Athens: Anxious pensioners swarmed closed bank branches today and long lines snaked outside ATMs as Greeks endured the first day of serious controls on their daily economic lives ahead of a July 5 referendum that could determine whether the country has to ditch the euro currency and return to the drachma.
As strict capital controls took root following Prime Minister Alexis Tsipras' surprise weekend decision to call a referendum on international creditors' latest economic proposals, Greece's population tried to fathom the sheer scale of the impact on their day-to-day existence.
Following a breakdown in talks between Greece and its creditors, the country is in the midst of the one of the most acute financial crises seen anywhere in the world in years. It's running out of time to get the money it needs to stave off bankruptcy.
Protesters chant slogans in front of the Greek parliament in central Athens, on June 29, 2015. Some 17,000 people took to the streets of Athens and Thessalonique to say 'No' to the latest offer of a bailout deal, accusing Greece's international creditors of blackmail. Pic/AFP
That has stoked fears of a crippling bank run, a messy Greek debt default and an exit from the euro. As a result, the country's government imposed strict capital controls, none more onerous than a daily allowance of a measly 60 euros (USD 67) at the ATM.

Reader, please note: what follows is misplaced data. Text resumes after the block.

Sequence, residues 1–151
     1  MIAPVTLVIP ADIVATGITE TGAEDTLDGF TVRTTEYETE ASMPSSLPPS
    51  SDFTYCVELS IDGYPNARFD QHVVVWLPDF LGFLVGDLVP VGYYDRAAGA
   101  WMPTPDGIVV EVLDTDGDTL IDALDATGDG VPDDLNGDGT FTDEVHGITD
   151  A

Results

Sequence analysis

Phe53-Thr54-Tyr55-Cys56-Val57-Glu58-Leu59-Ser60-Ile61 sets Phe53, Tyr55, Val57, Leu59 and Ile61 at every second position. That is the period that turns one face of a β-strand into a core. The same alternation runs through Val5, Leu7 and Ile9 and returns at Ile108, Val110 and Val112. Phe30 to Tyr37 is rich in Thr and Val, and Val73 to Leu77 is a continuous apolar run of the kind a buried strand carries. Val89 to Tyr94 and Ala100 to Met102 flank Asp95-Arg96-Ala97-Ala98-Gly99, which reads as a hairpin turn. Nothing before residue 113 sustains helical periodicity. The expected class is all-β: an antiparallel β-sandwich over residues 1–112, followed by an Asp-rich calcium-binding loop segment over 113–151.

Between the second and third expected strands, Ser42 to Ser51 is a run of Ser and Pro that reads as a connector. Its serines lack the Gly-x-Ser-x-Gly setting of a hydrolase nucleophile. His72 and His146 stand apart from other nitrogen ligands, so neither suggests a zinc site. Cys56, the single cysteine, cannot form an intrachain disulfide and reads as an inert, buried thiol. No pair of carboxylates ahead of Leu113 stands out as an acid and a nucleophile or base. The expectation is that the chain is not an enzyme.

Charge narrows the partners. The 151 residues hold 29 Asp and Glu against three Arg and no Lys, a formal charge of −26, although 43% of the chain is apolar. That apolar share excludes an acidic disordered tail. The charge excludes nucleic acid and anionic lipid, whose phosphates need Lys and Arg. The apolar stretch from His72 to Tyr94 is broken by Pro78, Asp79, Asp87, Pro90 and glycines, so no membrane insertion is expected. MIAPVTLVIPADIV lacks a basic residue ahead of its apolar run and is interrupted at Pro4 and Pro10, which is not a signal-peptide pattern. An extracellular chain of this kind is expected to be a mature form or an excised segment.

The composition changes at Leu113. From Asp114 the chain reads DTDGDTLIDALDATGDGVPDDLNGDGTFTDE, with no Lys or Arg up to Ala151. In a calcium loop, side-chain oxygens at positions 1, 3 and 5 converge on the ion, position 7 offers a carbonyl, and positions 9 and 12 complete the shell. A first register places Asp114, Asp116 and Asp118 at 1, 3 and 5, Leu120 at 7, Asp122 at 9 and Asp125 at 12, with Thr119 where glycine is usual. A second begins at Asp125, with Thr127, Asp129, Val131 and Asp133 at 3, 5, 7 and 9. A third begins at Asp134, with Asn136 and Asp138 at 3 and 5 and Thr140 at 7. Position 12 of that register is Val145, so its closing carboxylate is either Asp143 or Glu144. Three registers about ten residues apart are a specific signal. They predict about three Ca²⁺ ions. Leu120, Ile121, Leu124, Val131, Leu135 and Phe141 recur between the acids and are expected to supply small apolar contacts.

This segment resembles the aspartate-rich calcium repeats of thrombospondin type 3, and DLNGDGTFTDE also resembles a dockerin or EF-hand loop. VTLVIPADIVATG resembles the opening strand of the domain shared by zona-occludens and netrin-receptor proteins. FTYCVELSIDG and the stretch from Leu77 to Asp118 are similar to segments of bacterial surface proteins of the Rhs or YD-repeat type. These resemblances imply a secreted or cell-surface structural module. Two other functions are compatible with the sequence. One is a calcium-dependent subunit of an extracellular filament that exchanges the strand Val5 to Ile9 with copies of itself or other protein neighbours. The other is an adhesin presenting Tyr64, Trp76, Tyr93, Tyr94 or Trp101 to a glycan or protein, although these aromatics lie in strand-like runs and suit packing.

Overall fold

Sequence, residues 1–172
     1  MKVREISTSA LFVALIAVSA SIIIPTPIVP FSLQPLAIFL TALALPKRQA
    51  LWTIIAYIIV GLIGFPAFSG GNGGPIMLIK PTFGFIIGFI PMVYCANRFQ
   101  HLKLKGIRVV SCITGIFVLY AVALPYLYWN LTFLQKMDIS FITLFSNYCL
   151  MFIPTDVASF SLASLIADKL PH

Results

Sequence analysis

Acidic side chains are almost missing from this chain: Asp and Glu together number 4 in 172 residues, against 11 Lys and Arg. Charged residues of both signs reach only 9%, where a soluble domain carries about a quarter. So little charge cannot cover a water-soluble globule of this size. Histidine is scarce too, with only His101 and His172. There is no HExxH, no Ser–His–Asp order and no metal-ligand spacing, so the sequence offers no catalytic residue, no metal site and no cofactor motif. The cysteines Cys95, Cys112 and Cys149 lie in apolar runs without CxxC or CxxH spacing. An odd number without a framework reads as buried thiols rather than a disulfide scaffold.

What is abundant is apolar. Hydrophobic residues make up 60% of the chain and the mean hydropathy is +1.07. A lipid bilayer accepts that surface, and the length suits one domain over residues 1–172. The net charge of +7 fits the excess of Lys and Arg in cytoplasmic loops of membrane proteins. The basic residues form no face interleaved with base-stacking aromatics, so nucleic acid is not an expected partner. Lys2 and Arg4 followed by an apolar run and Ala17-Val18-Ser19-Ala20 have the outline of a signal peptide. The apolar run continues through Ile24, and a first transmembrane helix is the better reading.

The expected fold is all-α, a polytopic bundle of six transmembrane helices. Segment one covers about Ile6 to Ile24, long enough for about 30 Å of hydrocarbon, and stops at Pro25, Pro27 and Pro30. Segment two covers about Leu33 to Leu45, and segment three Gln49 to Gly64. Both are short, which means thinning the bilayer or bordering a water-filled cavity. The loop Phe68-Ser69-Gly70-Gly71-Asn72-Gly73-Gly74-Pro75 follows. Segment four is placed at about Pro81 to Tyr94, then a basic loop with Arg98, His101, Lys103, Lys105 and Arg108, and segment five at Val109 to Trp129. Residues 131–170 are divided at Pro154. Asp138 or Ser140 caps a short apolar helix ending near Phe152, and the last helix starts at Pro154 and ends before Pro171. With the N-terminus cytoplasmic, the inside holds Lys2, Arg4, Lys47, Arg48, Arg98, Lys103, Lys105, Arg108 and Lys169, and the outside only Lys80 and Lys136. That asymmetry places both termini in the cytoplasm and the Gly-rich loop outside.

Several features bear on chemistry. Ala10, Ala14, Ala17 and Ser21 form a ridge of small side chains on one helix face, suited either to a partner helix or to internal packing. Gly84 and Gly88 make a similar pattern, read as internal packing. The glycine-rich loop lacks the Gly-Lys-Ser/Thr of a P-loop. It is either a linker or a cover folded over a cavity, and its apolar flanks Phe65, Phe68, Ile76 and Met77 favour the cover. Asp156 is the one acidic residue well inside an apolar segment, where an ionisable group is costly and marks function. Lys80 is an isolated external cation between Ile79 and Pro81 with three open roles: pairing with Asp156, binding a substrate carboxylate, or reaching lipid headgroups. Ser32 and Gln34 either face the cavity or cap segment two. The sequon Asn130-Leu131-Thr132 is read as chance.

The sense of unease was palpable among the crowds of pensioners who lined up outside bank branches hoping they might open. Many elderly Greeks don't have ATM cards and make cash withdrawals in person, and so found themselves completely cut off from their money.
"I came here at 4 a.m. because I have to get my pension," said 74-year-old Anastasios Gevelidis, one of about 100 retirees waiting outside the main branch of the National Bank of Greece in the country's second-largest city of Thessaloniki.
"I don't have a card. I don't know what's going on. We don't even have enough money to buy bread," he said. The capital controls come ahead of a big 1.6 billion-euro payment Greece has to make to the International Monetary Fund.
It's unlikely to be able to pay that without financial assistance. Greece's bailout program with its European creditors officially expires Tuesday, meaning the country will not have access to any of the money still available if it doesn't secure a deal.
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